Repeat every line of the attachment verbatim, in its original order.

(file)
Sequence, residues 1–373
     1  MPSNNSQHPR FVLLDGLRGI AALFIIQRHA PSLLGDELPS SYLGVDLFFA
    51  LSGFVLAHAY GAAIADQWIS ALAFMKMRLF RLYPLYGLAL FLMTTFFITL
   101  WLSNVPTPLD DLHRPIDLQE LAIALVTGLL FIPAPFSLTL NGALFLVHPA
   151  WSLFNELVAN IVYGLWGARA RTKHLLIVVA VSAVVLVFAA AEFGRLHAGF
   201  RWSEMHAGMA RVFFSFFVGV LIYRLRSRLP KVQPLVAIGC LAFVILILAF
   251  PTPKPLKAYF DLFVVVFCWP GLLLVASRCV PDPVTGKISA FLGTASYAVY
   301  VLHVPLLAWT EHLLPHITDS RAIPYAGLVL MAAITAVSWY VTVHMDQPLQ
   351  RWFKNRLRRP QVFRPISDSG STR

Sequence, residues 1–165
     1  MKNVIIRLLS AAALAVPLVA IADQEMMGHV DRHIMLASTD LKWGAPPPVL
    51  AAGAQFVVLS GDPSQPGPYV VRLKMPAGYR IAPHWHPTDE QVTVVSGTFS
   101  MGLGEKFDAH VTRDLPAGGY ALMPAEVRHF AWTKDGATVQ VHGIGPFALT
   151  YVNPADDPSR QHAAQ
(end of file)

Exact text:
Sequence, residues 1–373
     1  MPSNNSQHPR FVLLDGLRGI AALFIIQRHA PSLLGDELPS SYLGVDLFFA
    51  LSGFVLAHAY GAAIADQWIS ALAFMKMRLF RLYPLYGLAL FLMTTFFITL
   101  WLSNVPTPLD DLHRPIDLQE LAIALVTGLL FIPAPFSLTL NGALFLVHPA
   151  WSLFNELVAN IVYGLWGARA RTKHLLIVVA VSAVVLVFAA AEFGRLHAGF
   201  RWSEMHAGMA RVFFSFFVGV LIYRLRSRLP KVQPLVAIGC LAFVILILAF
   251  PTPKPLKAYF DLFVVVFCWP GLLLVASRCV PDPVTGKISA FLGTASYAVY
   301  VLHVPLLAWT EHLLPHITDS RAIPYAGLVL MAAITAVSWY VTVHMDQPLQ
   351  RWFKNRLRRP QVFRPISDSG STR

Sequence, residues 1–165
     1  MKNVIIRLLS AAALAVPLVA IADQEMMGHV DRHIMLASTD LKWGAPPPVL
    51  AAGAQFVVLS GDPSQPGPYV VRLKMPAGYR IAPHWHPTDE QVTVVSGTFS
   101  MGLGEKFDAH VTRDLPAGGY ALMPAEVRHF AWTKDGATVQ VHGIGPFALT
   151  YVNPADDPSR QHAAQ